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Letters to the Editor

Beatification Service

I WAS interested to read Muriel Armstrong’s letter (Beautification Service – 23rd June 2017) regarding Archbishop Michael Jackson’s presence at the beatification ceremony of Fr John Sullivan, S.J. on Saturday 13th May in St Francis Xavier Church, Dublin.

The Sullivan family had strong links as parishioners with Holy Trinity Church, Killiney. On 16th October 1877 an appalling accident took place in Killiney Bay in which Robert Sullivan, John’s brother, and Constance Exham, aged 17, were drowned when their hired sailing boat hit rocks in a strong and steady wind. Constance’s brother who was with them survived; their father was a leading Queen’s Counsel. Robert was the son of Edward Sullivan, then Master of the Rolls. Both families lived locally.

Three memorials in Holy Trinity involving both families remind us of this tragedy. For many parishioners the tablet in memory of Robert contains a profundity rarely matched and the words from Isaiah strike deep. “When thou passest through the waters, I will be with thee.”

John Sullivan was in London with his father at the time. While it is impossible to say what effect this tragedy had on him, it must have been devastating. Some years later John converted to his mother’s religion; the rest is history.

I greatly appreciate Archbishop Jackson’s particularly appropriate participation at Fr Sullivan’s beatification ceremony, the first in Ireland.

David Millar Killiney Co. Dublin

Same-sex marriage debate

IN HIS letter of 23rd June, the Revd Trevor Johnston, taking issue with Canon Ginnie Kennerley, advocates that LGBT+ Christians in committed relationships should be proscribed from being members of the Church of Ireland based on historical and early 20th century interpretation of Scriptures, as he and others of this opinion understand them.

I believe that a central point has been lost in this debate and refer to a letter from the Very Revd David Godfrey (16th June) in which he posed what I believe is the fundamental question on which this issue rests: “What God do we believe in?”

What God has been revealed to us by loving parents and grandparents since childhood? What God has been expounded by such faithful pastors as the Revd Godfrey? What God were we taught about in Sunday School? As he rightly puts it, referring to the writings of St John the Evangelist, is it “the Lord of truth and love” or “the lord of lies and murder”?

For, we must ask ourselves, what God does the mother or father believe in, standing at their gay son or daughter’s bedside who, feeling unwanted by the Church which baptised them and fearing rejection by family, friends and congregation, decided their only option was to leave this world?

Or, what God do the grandparents believe in awaiting news of a transgender grandchild who, feeling too fearful to confide of the bullying in their Church run school, attempts to take their own life?

What God does the congregation believe in, learning of the death through a drugs overdose of one of their former young members who, because of the Church’s stance on homosexuality, rejected the Church as irrelevant in their life and seeking acceptance elsewhere, found themselves in a world of excess?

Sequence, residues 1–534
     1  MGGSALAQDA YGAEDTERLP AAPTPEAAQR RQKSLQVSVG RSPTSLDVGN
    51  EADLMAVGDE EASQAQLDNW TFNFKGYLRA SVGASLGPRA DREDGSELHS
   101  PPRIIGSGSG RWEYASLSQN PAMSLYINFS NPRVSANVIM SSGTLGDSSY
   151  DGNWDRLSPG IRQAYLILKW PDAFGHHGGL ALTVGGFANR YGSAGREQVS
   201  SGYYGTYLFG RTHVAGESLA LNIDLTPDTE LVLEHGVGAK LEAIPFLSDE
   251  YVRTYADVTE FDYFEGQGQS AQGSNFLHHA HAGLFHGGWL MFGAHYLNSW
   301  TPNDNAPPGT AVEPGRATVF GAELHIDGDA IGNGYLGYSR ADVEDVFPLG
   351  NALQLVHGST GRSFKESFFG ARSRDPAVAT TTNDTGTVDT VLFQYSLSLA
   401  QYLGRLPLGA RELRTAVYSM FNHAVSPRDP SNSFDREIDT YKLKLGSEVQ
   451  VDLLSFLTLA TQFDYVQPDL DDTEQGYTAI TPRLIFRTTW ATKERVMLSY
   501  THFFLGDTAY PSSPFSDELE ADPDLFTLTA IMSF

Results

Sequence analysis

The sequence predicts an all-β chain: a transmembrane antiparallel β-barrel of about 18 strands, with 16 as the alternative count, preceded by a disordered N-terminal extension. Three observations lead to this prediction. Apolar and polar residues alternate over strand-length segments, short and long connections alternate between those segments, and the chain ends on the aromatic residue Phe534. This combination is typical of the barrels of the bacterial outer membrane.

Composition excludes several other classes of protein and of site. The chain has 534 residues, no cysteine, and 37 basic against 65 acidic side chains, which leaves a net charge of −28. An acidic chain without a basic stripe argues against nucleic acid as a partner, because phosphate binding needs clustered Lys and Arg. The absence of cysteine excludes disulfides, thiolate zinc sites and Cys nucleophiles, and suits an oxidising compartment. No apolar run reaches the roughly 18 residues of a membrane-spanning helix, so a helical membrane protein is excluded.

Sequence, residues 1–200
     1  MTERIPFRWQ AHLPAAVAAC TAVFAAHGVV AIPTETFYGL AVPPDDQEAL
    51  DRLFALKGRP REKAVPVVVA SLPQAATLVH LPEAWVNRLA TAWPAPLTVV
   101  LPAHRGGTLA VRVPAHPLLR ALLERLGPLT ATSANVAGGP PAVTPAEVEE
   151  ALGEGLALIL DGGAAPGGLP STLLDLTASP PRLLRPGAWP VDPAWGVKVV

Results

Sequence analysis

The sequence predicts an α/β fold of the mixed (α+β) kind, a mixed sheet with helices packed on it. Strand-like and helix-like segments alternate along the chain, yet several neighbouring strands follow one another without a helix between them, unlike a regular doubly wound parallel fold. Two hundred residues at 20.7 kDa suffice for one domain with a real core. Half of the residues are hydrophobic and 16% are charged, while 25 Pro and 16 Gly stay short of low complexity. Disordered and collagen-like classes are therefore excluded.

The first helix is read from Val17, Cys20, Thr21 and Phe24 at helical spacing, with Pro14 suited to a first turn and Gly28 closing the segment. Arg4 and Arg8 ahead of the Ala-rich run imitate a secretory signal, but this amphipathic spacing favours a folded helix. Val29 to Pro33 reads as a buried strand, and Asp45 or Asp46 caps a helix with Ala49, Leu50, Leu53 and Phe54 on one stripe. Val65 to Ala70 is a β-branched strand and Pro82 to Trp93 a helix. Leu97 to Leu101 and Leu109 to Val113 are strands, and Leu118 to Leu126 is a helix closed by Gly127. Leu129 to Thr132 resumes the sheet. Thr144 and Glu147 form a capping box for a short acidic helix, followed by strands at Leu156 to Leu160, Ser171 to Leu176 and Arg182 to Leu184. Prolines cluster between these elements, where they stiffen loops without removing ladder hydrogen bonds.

This is the reality of life in the 21st century, make no mistake about it!

The Christian Church must accept responsibility for the part it plays in these situations. If we do not look into our collective heart and ask: “What God do we believe in?”, then we are no better than the Pharisees of biblical times.

Do we as a Church believe in a God of love and mercy or do we believe in a God of legalism and condemnation?

I recall when I came to understand my relationship with Christ, rejoicing in the refrain of a hymn:

But I know whom I have believed,

And am persuaded that he is able

To keep that which I’ve committed unto him against that day.

I know the God in whom I believe!

Thomas W. Scott Golden Delgany

Co. Wicklow

I refer to discussion on the topic of human sexuality in the Letters page of the Gazette. There are many passages in the Bible, on a variety of topics, that have varying and differing interpretations.

The Bible is not a tabula rasa – we all bring our presuppositions and experiences to our study of it. Resulting interpretations are equally valid. This too is true of those passages in the Bible that refer to, or have become associated with human sexuality.

It is possible to ‘prove’ any viewpoint by drawing on the interpretations of others.

One of the cornerstones of Anglicanism is its ability to accommodate and acknowledge differing theological viewpoints on so many matters.

The conclusions of the Select Committee on Human Sexuality in the Context of Christian Belief acknowledge that its members hold differing views on the inclusion of LGBT people in the Church. All perspectives are held with equal passion and conviction.

I believe that it is possible for our Church to find a way forward that does not produce winners and losers, and that relegates human sexuality to be just another of the things that as Anglicans we have  agreed to differ on.

I urge all in the debate to move beyond trying to prove that they are right on the matter and to instead put their energy into finding a way forward for all in the Church.

I concur with Bishop Trevor William’s recent useful comments asking everyone to remain respectful in the debate. I challenge those with an interest in these matters, to use this Letters page to propose constructive ways forward for the Church, rather than fill it with endless ire and disagreement.

Dr Leo Kilroy
Greenane Co. Wicklow